First, Let’s discuss what is HAProxy and what is Load Balancer.
HAProxy, which stands for High Availability Proxy, is a popular open source software TCP/HTTP Load Balancer and proxying solution which can be run on Linux, Solaris, and FreeBSD. Its most common use is to improve the performance and reliability of a server environment by distributing the workload across multiple servers (e.g. web, application, database). It is used in many high-profile environments, including: GitHub, Imgur, Instagram, and Twitter.
There are many terms and concepts that are important when discussing load balancing and proxying. We will go over commonly used terms in the following sub-sections.
Before we get into the basic types of load balancing, we will talk about ACLs, backends, and frontends.
Access Control List (ACL)
In relation to load balancing, ACLs are used to test some condition and perform an action (e.g. select a server, or block a request) based on the test result. Use of ACLs allows flexible network traffic forwarding based on a variety of factors like pattern-matching and the number of connections to a backend.
A backend is a set of servers that receives forwarded requests. Backends are defined in the backend section of the HAProxy configuration. In its most basic form, a backend can be defined by:
- which load balance algorithm to use
- a list of servers and ports
A backend can contain one or many servers in it–generally speaking, adding more servers to your backend will increase your potential load capacity by spreading the load over multiple servers. Increase reliability is also achieved through this manner, in case some of your backend servers become unavailable.
Types of Load Balancing
Now that we have an understanding of the basic components that are used in load balancing, let’s get into the basic types of load balancing.
No Load Balancing
A simple web application environment with no load balancing might look like the following:
Layer 4 Load Balancing
The simplest way to load balance network traffic to multiple servers is to use layer 4 (transport layer) load balancing.
Here is a diagram of a simple example of layer 4 load balancing:
The user accesses the load balancer, which forwards the user’s request to the web-backend group of backend servers. Whichever backend server is selected will respond directly to the user’s request.
Layer 7 Load Balancing
Another, more complex way to load balance network traffic is to use layer 7 (application layer) load balancing. Using layer 7 allows the load balancer to forward requests to different backend servers based on the content of the user’s request. This mode of load balancing allows you to run multiple web application servers under the same domain and port.
Because HAProxy provides so many load balancing algorithms, we will only describe a few of them here. See the HAProxy Configuration Manual for a complete list of algorithms.
A few of the commonly used algorithms are as follows:
Round Robin selects servers in turns. This is the default algorithm.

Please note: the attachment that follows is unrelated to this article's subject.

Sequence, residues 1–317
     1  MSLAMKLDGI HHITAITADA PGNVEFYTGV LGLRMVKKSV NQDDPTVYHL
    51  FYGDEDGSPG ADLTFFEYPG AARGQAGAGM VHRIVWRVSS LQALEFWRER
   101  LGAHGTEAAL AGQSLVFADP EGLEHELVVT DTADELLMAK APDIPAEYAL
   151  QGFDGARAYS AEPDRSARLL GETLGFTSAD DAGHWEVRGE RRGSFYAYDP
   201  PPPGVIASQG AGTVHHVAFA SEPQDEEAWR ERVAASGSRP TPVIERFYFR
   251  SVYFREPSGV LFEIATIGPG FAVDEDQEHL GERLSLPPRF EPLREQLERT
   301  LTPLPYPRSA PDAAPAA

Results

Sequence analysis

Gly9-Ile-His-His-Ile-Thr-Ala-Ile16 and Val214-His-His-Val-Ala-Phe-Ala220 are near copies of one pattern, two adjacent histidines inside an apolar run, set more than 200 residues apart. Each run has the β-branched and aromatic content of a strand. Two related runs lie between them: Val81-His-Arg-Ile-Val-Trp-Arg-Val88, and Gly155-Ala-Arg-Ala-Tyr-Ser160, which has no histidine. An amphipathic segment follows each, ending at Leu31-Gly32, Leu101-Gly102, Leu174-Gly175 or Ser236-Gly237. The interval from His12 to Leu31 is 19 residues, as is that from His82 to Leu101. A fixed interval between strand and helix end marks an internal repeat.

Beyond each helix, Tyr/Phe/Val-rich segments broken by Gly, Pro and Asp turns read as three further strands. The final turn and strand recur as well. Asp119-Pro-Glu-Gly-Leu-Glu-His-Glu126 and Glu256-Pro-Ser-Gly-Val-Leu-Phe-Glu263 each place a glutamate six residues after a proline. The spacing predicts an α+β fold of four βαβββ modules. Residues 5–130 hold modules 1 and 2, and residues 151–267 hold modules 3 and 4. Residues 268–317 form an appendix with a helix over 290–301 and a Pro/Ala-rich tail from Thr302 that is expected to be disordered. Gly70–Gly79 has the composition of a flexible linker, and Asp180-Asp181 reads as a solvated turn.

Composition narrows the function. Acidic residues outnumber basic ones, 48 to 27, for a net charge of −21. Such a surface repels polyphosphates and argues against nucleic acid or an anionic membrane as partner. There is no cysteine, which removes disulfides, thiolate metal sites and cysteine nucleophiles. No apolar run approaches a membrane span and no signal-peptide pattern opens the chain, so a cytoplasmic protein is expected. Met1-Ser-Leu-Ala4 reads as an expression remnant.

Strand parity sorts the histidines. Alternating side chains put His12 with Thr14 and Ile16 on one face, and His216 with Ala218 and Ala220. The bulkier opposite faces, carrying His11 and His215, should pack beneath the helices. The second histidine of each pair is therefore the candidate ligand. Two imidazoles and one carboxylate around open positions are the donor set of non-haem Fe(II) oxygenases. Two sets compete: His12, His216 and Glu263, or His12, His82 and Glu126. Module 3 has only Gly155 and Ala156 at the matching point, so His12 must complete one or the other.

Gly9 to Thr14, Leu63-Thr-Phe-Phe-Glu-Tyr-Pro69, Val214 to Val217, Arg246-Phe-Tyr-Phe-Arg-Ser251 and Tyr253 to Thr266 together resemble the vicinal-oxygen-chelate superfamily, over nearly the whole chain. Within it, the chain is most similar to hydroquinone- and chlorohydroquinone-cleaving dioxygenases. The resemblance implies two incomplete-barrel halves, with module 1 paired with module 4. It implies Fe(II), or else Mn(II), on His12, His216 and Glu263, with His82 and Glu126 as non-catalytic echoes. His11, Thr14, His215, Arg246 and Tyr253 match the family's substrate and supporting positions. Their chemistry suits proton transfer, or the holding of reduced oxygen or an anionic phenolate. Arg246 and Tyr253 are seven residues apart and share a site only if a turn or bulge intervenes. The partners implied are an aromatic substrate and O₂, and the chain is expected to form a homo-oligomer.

Selects the server with the least number of connections–it is recommended for longer sessions. Servers in the same backend are also rotated in a round-robin fashion.
This selects which server to use based on a hash of the source IP i.e. your user’s IP address. This is one method to ensure that a user will connect to the same server.
Load Balancing Algorithms
The load balancing algorithm that is used determines which server, in a backend, will be selected when load balancing. HAProxy offers several options for algorithms. In addition to the load balancing algorithm, servers can be assigned a weight parameter to manipulate how frequently the server is selected, compared to other servers.
Now that you have a basic understanding of load balancing and know of a few ways that HAProxy facilitate your load balancing needs, you have a solid foundation to get started on improving the performance and reliability of your own server environment.
Now, let’s see the objective of the Task and Complete it:
Use Ansible playbook to Configure Reverse Proxy i.e. Haproxy and update it’s configuration file automatically on each time new Managed node (Configured With Apache Webserver) join the inventory.
Let’s start building it step-by-step:
Firstly, download Ansible and create an inventory in Controller Node.
Here, I have launched 3 different nodes. 1 for configuring HAProxy (Load Balancer), and 2 for launching webserver(httpd).
Now, let’s first create a ansible playbook that will go to respective nodes and install softwares for us:
This playbook contains Ansible code to go to respective nodes and install and configure httpd and HAProxy software respectively.
To run this playbook:
And, the complete configuration will be done.
There is one main objective in the task to update the configuration file automatically whenever the new node join the inventory.
For that, The configuration file that is been copied contains code that automatically detects the number of IP’s in the inventory and update the configuration file of HAProxy automatically that is saved in /etc/haproxy/haproxy.cfg file
And thus, all the objectives of the task is successfully completed.
Finally, we can connect to our website with the ip of Load Balancer at port 8080 (given by me in HA Proxy Configuration File)
The complete code of the task is uploaded in GitHub for your reference.
Hope you liked the article.
Thank you for reading this.
Have a Nice Day :)